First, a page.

MoF The fourteenth edition of the Handbook on Fisheries Statistics 2020 contains the latest information on various domains of fisheries sector namely, fish production and productivity, disposition of fish catch, consumption of fish, fisheries economy, expenditure on fisheries, exports, fishers population, fisheries resources, fishers welfare, fisheries institutes, international scenario, post-harvest infrastructure and fisheries development.  https://dof.gov.in/sites/default/files/2021-02/Final_Book.pdf 

HYDRO POWER PROJECTS

Uttarakhand NGT seeks expert opinion on Vishnugad-Pipalkoti HEP NGT has directed the MoEF to file an expert opinion on the Vishnugad-Pipalkoti Hydro-Electric project in Chamoli district on a plea against grant of environmental clearance to the project. A bench headed by NGT Chairperson Justice Adarsh Kumar Goel issued notice to the MoEF and the project proponent, THDC India Ltd., and asked them to file their response within a month. “We also directed the MoEF to obtain and file an expert opinion from the Expert Appraisal Committee for river valley and hydro-electric project within two months by e-mail,” the bench said in its October 8 order. https://www.thehindu.com/news/national/other-states/ngt-directs-environment-ministry-to-file-expert-opinion-on-vishnugad-pipalkoti-hydro-electric-project-in-uttarakhand/article36924811.ece  (10 Oct. 2021)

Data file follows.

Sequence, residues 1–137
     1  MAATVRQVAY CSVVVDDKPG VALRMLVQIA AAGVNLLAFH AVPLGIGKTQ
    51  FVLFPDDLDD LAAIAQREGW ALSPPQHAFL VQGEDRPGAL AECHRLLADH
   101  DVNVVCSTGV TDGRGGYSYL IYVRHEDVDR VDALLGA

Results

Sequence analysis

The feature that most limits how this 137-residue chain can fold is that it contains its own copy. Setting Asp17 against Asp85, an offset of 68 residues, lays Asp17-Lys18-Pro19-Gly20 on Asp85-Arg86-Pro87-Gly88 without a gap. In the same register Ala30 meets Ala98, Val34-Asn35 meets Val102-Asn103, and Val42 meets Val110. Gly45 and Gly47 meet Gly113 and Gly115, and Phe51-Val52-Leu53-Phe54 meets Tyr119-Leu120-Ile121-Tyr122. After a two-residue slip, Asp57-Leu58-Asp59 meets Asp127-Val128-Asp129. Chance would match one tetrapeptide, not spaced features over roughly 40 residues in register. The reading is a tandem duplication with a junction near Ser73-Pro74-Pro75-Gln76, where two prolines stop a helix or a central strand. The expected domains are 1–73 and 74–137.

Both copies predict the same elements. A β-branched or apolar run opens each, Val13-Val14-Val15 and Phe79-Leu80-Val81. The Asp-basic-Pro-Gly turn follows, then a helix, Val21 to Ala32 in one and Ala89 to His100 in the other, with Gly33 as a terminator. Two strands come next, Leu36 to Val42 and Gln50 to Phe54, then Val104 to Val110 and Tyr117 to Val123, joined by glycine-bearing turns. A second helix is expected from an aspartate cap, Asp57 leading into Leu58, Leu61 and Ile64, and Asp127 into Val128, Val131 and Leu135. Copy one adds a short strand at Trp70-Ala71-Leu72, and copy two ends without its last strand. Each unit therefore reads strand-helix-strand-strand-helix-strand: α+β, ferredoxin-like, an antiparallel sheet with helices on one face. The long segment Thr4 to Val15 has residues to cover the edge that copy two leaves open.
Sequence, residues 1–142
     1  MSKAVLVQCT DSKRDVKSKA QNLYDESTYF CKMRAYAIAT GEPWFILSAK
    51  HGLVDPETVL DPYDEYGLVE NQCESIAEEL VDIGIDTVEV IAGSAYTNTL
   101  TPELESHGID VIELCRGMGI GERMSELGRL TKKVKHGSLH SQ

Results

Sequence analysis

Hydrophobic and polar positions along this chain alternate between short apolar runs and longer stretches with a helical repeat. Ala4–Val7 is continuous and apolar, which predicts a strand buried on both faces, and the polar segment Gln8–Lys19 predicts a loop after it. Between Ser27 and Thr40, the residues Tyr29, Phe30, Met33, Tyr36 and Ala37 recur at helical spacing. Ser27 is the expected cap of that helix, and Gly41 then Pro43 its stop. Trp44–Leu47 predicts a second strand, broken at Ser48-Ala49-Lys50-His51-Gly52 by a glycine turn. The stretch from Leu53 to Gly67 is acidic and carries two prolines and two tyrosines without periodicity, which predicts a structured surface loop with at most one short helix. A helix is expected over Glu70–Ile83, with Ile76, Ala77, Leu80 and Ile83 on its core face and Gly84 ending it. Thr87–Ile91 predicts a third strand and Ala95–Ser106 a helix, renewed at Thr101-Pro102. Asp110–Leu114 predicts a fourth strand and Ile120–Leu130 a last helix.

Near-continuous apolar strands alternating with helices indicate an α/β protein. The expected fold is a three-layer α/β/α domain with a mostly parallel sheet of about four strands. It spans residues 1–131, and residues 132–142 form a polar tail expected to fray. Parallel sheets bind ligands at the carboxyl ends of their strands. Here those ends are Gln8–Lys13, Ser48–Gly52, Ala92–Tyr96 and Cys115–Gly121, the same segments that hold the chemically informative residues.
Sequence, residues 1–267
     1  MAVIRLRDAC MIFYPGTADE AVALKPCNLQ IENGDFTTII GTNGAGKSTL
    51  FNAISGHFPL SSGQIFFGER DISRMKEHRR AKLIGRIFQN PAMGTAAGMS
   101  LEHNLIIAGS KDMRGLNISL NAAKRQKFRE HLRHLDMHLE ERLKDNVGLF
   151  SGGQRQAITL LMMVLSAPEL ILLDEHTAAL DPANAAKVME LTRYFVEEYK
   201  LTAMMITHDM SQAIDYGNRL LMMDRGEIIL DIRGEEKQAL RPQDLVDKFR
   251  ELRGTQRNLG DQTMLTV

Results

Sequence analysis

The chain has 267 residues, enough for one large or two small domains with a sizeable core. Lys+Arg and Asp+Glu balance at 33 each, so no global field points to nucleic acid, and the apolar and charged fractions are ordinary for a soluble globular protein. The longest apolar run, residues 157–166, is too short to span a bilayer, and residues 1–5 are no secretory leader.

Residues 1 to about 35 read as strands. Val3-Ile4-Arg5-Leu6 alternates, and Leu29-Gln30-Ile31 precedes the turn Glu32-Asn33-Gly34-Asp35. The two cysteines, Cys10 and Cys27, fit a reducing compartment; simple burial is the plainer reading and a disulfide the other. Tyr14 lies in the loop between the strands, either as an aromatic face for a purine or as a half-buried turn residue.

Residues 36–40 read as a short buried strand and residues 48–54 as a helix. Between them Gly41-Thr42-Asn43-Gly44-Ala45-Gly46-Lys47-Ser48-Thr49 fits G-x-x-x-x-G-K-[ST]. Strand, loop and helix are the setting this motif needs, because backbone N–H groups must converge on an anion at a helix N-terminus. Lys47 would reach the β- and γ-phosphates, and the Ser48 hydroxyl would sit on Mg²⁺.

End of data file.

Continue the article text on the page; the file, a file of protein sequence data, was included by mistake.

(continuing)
Arunachal Pradesh Buddhist Monks in Tawang continue to oppose the hydropower projects proposed there. https://religionnews.com/2021/10/14/in-remote-himalayan-india-buddhist-monks-and-indigenous-tribe-fight-government-hydropower-projects/  (14 Oct. 2021)

Kerala Centre asks to hike generation in hydel units Given the severity of the coal-shortage crisis, the Union Ministry of Power has asked Kerala to provide support by increasing generation in storage-based hydroelectric stations such as the 780-MW Idukki power project, especially during off-peak hours. In an October 14 letter, the Power Ministry asked Chief Secretary V.P. Joy to issue the necessary directions for providing the support till October 31. By then, “the demand on thermal generating stations is likely to be normalised,” it said.